A federal bankruptcy judge on Tuesday approved the sale of Atlantic City’s former Revel Casino Hotel for 5 cents on the dollar to a Toronto asset management firm.
Judge Gloria Burns approved the sale to Brookfield Asset Management for $110-million.
She turned aside numerous objections from the losing bidder, Florida developer Glenn Straub, who complained that Revel’s lawyers reneged on a promise to share information on competing bids, something Revel has denied.
“The best news is Revel is going to reopen as a casino,” said John Cunningham, one of Revel’s attorneys. “It’s not going to be a university.”
That was a thinly veiled swipe at one of the offbeat uses Straub had proposed for the property, including a so-called genius university where the world’s top minds would attack the planet’s biggest problems with or without a casino.
Although Straub said he intended to make a higher bid, he did not do so during the all-night auction and declined to do so at Tuesday’s hearing. Cunningham said the company decided to take Brookfield’s bid in an all-night auction rather than wait for a possible new bid by Straub a week later.
“This is a disgruntled losing bidder,” he told the judge. “Mr. Straub had to put his money where his mouth is. He didn’t do it. Our decision was to take the bird in the hand. It was too much money to risk.”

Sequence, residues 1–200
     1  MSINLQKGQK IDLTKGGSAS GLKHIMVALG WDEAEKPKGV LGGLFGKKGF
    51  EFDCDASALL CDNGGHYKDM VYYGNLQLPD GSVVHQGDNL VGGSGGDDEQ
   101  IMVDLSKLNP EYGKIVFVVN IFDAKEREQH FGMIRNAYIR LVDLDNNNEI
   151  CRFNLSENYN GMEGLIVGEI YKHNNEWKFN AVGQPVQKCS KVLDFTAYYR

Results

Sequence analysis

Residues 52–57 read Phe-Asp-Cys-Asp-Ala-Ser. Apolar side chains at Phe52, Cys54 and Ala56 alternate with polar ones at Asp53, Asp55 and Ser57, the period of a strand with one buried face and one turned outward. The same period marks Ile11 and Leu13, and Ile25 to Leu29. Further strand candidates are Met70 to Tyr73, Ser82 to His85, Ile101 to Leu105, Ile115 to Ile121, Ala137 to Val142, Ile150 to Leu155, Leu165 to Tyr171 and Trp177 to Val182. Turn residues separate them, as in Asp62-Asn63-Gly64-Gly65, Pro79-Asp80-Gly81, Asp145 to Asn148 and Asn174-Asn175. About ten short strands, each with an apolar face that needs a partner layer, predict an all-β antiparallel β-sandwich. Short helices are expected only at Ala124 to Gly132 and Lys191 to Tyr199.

The casino cost $2.4-billion to build and never turned a profit. It closed Sept. 2 after just over two years of operation.
It was one of four Atlantic City casinos to go out of business this year, and a fifth, the Trump Taj Mahal, could close Nov. 13.
During the auction, Straub complained that he suffers from a serious medical issue and had left his medication in Florida, jeopardizing his health. He didn’t specify what kind of medical issue he had.
“I was wandering up and down the streets, which is what caused my medical condition,” Straub told the judge in complaining about the duration of the auction and the 6 a.m. deadline that Brookfield set for acceptance of their bid. “It was cold, high anxiety. This is life and death here. How can they keep continuing to do this?”
Straub also objected to being told at 3:45 a.m. that any new bid he might make had to be received by 5 a.m. because Brookfield made its bid contingent on being accepted by 6 a.m. He said he couldn’t reach his financial advisers at that hour.
“I don’t know if I knew my name at 5:30 in the morning,” he said.
Straub had no immediate comment after the judge’s ruling.
In approving the sale, Burns said the auction had been run properly. She set Oct. 20 as a hearing date for numerous unresolved legal issues in the case.
Cunningham said Revel and Brookfield expect to close on the deal within 60 days.
Brookfield spokesman Andrew Willis said the company plans to run Revel as a casino, but he wouldn’t comment on other plans for it.